67 WALL STREET, New York - November 27, 2013 - The Wall Street Transcript has just published its current Investing Strategies Report. This special feature contains expert industry commentary through in-depth interviews with highly experienced Money Managers. The full issue is available by calling (212) 952-7433 or via The Wall Street Transcript Online.
Topics covered: Large-Cap, Deep-Value - Bottom-Up Stock Selection - Repurchase Activity - Value Oriented Strategy - Investment Risk Management Strategies - High-Quality Blue-Chip Companies - Free Cash Flow Yield - Alternative Investing, Ultimate Returns
Companies include: Celgene Corporation (CELG), Hershey Co. (HSY), Amazon.com Inc. (AMZN), Ford Motor Co. (F), Herbalife Ltd. (HLF), Philip Morris International, I (PM), Coach Inc. (COH) and many others.
In the following excerpt from the Investing Strategies Report, an experienced portfolio manager discusses his Growth Stock investing methodology and current top picks:
TWST: How would you describe your investment philosophy for your large-cap growth strategy, and what are some aspects that make it unique?
Mr. Nelson: The philosophy simply is, when approached correctly, earnings growth can create a compelling investment opportunity in all market environments. We believe earnings are the key driver of performance over time. Generally, growth managers fall into the consistent grower or momentum grower camp. We don't believe that one camp will reign over the other over a period of time.
Drake and I both have experienced environments where various flavors of growth managers rule the day. We were investing in the 1990s when managers leveraged to higher-growth momentum stocks flourished, and during the bursting of the tech bubble and more recently, during the Great Recession, when more conservative growth managers outperformed.
With that experience as a backdrop and a desire to meet our clients' performance objectives regardless of the environment, Drake conceived a large-cap growth strategy that was very different from the traditional GARP and momentum strategies. He conceived a strategy that has the opportunity to flourish in all environments, so by design, we own very different kinds of growth names in our portfolio.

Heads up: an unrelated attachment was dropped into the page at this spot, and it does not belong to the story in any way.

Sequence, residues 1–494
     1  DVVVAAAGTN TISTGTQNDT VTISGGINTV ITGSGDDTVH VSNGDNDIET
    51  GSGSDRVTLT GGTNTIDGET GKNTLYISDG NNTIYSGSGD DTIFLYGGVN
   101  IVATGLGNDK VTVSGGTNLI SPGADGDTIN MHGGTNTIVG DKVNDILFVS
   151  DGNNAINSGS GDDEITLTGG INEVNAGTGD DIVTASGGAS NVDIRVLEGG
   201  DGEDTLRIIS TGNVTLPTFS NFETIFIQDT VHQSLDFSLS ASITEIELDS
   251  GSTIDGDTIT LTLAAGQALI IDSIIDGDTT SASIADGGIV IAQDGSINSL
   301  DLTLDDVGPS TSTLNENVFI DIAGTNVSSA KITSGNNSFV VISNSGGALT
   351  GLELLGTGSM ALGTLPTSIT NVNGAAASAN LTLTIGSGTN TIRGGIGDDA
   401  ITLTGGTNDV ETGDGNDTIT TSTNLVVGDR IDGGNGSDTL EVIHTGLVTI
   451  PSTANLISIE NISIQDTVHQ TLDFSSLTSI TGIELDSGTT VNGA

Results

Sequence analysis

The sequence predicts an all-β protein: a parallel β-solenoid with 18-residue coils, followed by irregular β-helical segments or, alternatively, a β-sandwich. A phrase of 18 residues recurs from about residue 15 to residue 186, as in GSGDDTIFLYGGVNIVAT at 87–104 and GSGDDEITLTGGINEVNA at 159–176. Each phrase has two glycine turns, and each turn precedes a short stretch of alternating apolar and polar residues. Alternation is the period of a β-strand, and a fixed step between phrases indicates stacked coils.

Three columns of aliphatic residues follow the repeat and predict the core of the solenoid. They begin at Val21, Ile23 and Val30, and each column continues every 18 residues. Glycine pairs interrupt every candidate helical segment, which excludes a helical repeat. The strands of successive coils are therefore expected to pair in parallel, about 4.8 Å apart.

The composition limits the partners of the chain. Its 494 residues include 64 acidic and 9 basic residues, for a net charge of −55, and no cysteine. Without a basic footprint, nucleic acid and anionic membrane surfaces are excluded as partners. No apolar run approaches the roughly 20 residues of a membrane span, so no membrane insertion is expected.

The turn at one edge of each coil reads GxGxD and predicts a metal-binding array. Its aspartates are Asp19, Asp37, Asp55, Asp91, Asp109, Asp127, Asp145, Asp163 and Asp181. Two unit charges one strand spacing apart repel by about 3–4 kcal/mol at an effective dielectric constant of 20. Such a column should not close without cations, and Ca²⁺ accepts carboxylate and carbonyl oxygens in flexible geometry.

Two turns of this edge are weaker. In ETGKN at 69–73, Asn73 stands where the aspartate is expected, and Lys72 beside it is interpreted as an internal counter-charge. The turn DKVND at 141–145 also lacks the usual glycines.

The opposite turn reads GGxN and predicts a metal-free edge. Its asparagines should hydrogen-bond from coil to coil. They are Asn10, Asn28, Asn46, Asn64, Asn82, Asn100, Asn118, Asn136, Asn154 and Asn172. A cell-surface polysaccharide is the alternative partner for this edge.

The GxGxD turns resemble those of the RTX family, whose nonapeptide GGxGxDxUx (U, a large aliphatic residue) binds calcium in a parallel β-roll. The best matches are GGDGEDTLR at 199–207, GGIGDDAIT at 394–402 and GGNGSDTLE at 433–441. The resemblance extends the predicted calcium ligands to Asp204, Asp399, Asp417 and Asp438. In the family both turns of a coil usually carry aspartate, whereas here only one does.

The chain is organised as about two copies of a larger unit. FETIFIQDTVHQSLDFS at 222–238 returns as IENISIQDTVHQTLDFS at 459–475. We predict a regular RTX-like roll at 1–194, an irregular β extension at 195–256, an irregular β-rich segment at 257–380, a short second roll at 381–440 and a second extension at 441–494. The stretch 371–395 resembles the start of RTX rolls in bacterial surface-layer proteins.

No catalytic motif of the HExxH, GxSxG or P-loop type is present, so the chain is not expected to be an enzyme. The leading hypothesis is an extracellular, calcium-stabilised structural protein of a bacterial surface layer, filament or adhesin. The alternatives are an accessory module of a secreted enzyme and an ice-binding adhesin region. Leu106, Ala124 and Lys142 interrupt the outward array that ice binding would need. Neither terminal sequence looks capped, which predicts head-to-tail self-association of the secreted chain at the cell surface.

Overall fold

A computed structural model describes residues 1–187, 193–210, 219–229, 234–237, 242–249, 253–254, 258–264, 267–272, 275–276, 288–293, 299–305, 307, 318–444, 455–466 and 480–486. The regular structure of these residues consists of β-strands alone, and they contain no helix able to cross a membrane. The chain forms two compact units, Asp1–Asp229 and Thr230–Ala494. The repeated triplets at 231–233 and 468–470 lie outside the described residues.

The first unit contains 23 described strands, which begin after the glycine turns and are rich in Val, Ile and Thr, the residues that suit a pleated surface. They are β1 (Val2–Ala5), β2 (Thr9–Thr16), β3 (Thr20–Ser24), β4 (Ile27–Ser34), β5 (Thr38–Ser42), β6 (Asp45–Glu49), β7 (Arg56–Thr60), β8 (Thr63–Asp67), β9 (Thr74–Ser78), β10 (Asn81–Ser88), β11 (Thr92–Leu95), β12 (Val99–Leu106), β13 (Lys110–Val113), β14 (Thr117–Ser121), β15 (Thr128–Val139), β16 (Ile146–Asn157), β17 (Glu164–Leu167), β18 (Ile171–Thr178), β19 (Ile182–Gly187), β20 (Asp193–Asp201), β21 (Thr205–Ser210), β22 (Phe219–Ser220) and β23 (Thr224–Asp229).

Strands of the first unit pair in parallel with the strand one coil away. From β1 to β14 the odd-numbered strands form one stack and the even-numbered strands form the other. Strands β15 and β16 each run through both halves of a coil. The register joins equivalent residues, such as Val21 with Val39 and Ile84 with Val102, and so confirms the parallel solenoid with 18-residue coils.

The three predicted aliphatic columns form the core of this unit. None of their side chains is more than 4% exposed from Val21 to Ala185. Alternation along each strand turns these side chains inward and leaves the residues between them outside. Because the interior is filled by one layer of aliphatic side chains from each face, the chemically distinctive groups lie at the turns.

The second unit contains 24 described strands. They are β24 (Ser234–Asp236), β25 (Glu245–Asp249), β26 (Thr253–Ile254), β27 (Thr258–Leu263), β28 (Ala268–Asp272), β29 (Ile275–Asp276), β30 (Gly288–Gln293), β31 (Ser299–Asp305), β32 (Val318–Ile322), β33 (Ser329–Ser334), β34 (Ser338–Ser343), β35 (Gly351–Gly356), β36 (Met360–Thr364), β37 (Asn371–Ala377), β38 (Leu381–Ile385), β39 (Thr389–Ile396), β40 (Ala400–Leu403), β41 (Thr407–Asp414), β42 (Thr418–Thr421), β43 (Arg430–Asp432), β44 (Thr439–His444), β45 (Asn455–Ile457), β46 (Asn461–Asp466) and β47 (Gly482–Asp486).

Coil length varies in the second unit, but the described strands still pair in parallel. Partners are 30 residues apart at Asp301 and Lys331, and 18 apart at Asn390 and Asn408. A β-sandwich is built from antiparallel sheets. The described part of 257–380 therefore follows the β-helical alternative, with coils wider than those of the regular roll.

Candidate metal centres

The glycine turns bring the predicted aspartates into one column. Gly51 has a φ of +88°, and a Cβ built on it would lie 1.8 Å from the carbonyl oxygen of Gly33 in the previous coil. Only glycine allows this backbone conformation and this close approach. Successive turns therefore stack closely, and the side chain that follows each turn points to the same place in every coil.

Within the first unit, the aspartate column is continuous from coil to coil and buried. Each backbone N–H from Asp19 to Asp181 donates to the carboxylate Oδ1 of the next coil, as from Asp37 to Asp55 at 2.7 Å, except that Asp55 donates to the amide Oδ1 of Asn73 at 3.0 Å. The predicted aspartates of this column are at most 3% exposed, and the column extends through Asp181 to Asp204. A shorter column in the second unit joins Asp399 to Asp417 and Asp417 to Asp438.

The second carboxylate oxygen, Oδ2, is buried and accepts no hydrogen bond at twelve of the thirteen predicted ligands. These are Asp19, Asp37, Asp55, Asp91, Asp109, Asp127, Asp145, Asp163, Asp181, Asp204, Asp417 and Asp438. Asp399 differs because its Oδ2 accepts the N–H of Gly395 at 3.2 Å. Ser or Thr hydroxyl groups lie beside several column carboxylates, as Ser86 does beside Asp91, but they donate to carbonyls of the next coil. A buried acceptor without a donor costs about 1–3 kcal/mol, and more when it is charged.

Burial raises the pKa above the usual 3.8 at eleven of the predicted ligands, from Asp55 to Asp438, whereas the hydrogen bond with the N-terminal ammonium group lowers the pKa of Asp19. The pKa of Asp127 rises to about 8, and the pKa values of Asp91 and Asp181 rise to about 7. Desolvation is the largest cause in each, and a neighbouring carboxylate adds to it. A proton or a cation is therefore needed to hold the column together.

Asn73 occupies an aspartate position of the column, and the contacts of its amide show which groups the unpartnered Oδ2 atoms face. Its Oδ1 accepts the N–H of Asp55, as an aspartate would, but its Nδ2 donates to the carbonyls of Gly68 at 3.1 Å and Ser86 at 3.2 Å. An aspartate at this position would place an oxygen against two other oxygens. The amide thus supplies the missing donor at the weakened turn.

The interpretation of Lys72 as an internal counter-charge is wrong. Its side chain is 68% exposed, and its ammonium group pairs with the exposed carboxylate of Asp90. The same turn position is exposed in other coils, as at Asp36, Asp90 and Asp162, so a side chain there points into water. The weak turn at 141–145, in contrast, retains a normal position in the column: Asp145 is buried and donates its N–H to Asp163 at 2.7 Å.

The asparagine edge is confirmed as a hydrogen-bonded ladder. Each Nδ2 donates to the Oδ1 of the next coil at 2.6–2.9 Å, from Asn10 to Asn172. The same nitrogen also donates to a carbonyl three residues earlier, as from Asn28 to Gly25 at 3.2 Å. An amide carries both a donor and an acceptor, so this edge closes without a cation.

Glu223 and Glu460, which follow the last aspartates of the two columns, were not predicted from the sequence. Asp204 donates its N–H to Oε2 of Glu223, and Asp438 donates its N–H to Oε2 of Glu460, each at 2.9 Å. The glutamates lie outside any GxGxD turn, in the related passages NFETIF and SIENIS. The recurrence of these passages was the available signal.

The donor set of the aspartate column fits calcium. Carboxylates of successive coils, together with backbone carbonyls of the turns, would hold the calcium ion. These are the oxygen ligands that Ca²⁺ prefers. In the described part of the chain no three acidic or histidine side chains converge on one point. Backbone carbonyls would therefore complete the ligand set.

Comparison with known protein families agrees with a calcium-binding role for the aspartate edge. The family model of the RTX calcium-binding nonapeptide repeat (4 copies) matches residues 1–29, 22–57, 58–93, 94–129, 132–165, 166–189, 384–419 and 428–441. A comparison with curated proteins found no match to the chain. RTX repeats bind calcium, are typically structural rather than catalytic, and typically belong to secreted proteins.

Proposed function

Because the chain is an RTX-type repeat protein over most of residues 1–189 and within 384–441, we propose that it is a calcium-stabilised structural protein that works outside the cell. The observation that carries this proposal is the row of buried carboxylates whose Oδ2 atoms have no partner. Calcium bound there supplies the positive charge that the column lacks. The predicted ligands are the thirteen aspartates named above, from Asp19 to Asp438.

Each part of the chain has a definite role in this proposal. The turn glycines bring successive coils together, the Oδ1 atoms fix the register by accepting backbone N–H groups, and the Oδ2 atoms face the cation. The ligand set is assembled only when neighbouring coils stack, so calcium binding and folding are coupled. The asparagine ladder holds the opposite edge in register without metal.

For example, right now, we own Amazon (AMZN) and Ford (F), Herbalife (HLF) and Philip Morris (PM), which are consumer discretionary and staples holdings, all potential opportunities based on our investment process, but they are different kinds of opportunities. We believe we can consistently outperform the benchmark going forward by building a portfolio that does not arbitrarily emphasize one type of earnings growth over another. Accordingly, we expect our broader, more diversified approach to serve our investors very well over a longer period of time.
TWST: Even though you use a bottom-up approach, your large-cap growth strategy is "diversified discretely by sector." Can you elaborate about how you take sectors into account, and what your current sector allocation is?
Mr. Nelson: The weighting of every sector in our portfolio, be it over, under or inline, is based on our unique sector-allocation process. Our primary goal is to position our clients' portfolios in a manner that would, over time, increase their odds of outperforming the benchmark. Unlike managers that attempt to do this by investing based on macroeconomic themes, our focus begins at the company level.
In the initial stages of our investment process, we rank all the names in our investible universe based on five micro company-specific factors. The five factors that we use are...
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